Warhol’s Chosen People

Arts Extra

By Tom Freudenheim

Published March 21, 2008, issue of March 28, 2008.
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Will the irony of New York’s Jewish Museum’s fascinating new exhibition, “Warhol’s Jews: Ten Portraits Reconsidered,” on view through August, be lost on most visitors? Probably. I had commented to a friend that Andy Warhol’s 1980 project, a series of 10 portraits (from photographs) of famous (dead) Jews, looks today like the same rip-off it was when the newly minted works were first shown, at this Jewish Museum and elsewhere: The artist pandering to a Jewish market. My friend corrected me, reminding me that the definition of “rip-off” is “a swindle or exploitation, assuming an unequal relationship between the parties,” whereas this set of works was warmly received by a Jewish art world thrilled to have the attention of superstar Warhol. Given this insight, maybe it was a fair exchange, with the two parties exploiting each other.

Andy Warhol (American, 1928–1987), Sarah Bernhardt from Ten Portraits of Jews of the Twentieth Century, 1980, synthetic polymer paint and silkscreen ink on canvas.  Private collection.  © The Andy Warhol Foundation for the Visual Arts, Inc./Artists Rights Society, New York/Courtesy Ronald Feldman Fine Arts, New York.
Andy Warhol (American, 1928–1987), Sarah Bernhardt from Ten Portraits of Jews of the Twentieth Century, 1980, synthetic polymer paint and silkscreen ink on canvas. Private collection. © The Andy Warhol Foundation for the Visual Arts, Inc./Artists Rights Society, New York/Courtesy Ronald Feldman Fine Arts, New York.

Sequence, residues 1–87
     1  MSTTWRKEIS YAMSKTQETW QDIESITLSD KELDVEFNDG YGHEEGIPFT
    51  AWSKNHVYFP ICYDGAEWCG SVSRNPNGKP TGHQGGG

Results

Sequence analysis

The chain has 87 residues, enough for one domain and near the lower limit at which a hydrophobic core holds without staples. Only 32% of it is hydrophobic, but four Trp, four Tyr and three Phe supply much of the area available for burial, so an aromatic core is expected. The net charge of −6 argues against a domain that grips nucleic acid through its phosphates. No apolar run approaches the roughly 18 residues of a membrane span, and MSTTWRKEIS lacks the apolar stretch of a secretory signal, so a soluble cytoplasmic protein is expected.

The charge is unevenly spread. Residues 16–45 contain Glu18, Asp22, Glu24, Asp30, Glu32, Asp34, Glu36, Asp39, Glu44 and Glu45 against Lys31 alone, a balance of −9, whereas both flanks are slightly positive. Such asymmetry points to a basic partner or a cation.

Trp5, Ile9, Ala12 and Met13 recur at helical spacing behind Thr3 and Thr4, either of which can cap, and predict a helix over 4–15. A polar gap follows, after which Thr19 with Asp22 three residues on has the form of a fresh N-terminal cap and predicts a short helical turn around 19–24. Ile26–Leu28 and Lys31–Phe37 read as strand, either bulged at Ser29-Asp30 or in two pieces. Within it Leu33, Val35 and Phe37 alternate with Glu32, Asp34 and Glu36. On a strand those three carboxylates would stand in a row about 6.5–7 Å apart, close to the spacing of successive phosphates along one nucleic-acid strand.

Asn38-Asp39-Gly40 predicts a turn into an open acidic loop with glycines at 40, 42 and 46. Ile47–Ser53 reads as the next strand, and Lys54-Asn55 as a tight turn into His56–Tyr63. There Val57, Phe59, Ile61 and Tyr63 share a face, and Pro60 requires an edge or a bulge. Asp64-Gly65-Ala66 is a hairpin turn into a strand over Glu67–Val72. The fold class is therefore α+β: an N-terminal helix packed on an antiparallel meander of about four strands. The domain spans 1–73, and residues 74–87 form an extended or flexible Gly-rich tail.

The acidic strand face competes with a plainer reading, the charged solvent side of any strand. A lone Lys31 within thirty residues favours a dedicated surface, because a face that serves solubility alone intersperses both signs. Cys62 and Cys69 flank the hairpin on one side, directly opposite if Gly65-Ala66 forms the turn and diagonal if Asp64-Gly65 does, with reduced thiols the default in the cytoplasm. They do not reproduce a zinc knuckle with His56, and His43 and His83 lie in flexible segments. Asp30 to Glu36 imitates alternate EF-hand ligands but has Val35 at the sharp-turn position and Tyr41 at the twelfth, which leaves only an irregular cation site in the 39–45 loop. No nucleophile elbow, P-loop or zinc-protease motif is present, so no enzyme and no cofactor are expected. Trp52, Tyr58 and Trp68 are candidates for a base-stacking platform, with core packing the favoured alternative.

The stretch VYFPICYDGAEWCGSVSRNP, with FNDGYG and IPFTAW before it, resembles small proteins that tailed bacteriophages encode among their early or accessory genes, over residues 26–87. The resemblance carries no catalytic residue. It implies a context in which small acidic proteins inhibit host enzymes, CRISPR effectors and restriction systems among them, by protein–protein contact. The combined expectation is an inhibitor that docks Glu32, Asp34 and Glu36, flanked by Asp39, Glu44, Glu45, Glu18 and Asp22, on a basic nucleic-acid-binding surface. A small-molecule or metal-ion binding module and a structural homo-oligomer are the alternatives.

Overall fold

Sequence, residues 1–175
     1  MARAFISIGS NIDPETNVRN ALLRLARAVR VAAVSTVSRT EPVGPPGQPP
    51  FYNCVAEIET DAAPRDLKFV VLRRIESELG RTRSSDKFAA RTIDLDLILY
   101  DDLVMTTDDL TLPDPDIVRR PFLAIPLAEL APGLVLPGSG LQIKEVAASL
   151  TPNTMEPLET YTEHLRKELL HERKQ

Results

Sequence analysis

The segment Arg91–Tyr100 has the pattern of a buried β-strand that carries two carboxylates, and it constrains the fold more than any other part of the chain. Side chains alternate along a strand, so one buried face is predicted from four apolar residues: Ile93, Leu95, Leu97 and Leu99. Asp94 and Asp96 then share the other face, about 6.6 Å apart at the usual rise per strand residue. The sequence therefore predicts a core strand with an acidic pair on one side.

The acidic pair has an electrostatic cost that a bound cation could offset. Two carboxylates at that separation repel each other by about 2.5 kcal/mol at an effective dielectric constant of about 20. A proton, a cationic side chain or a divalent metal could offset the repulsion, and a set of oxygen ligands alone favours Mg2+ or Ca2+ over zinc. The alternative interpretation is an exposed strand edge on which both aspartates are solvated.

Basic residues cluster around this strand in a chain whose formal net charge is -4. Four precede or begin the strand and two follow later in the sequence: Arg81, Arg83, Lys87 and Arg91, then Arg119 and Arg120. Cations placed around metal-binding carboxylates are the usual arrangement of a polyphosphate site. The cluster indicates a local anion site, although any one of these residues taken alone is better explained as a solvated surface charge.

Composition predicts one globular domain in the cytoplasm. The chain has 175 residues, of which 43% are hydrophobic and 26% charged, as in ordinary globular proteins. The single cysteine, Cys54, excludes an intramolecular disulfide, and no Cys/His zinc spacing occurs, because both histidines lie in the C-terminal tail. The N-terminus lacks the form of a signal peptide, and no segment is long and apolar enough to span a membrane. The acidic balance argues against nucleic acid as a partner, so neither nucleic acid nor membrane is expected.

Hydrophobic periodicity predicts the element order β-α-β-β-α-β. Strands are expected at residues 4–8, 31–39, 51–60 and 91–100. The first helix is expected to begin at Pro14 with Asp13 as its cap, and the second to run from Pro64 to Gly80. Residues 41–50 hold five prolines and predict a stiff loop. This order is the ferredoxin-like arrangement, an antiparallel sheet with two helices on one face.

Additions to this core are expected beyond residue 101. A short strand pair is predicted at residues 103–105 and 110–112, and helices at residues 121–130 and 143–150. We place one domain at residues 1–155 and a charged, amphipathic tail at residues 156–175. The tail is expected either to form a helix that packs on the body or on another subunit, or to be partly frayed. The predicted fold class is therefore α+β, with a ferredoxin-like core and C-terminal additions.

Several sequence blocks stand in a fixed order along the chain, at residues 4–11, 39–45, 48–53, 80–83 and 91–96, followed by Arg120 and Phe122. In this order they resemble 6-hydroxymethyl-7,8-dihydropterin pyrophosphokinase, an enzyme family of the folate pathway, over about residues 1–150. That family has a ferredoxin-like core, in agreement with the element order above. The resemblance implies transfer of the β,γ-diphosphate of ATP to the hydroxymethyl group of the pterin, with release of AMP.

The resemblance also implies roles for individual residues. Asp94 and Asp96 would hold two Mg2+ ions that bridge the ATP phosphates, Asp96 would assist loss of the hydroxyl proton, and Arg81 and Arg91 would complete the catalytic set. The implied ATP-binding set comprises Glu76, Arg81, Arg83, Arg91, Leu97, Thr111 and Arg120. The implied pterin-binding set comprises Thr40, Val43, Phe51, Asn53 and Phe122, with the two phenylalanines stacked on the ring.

Andy Warhol (American, 1928–1987), Sigmund Freud from Ten Portraits of Jews of the Twentieth Century, 1980, synthetic polymer paint and silkscreen ink on canvas.  Private collection.  © The Andy Warhol Foundation for the Visual Arts, Inc./Artists Rights Society, New York/Courtesy Ronald Feldman Fine Arts, New York.
Andy Warhol (American, 1928–1987), Sigmund Freud from Ten Portraits of Jews of the Twentieth Century, 1980, synthetic polymer paint and silkscreen ink on canvas. Private collection. © The Andy Warhol Foundation for the Visual Arts, Inc./Artists Rights Society, New York/Courtesy Ronald Feldman Fine Arts, New York.
Andy Warhol (American, 1928–1987), Franz Kafka from Ten Portraits of Jews of the Twentieth Century, 1980, synthetic polymer paint and silkscreen ink on canvas.  Private collection.  © The Andy Warhol Foundation for the Visual Arts, Inc./Artists Rights Society, New York/Courtesy Ronald Feldman Fine Arts, New York.
Andy Warhol (American, 1928–1987), Franz Kafka from Ten Portraits of Jews of the Twentieth Century, 1980, synthetic polymer paint and silkscreen ink on canvas. Private collection. © The Andy Warhol Foundation for the Visual Arts, Inc./Artists Rights Society, New York/Courtesy Ronald Feldman Fine Arts, New York.

So, after ripening for almost three decades, can we see “Warhol’s Jews” any differently today? Do these portraits really deserve reconsideration?

Yes and no.

Having had so many years to absorb the impact of Andy Warhol on contemporary art worldwide, we have grown accustomed to the ways in which he appropriated iconic pop images (Campbell’s soup cans, Brillo boxes, Jackie O, Elvis, The Last Supper, etc.) and created works that have themselves become icons (and shrewd investments). It’s difficult to stand before a Warhol painting in awe of the artist’s technical skills as a painter. Yet, even in retrospect it’s obvious that here was an artist who not only captured something about the spirit of his times and found ways to convey that in a range of media, but also had an impact on many other artists and on our sensibilities about contemporary art.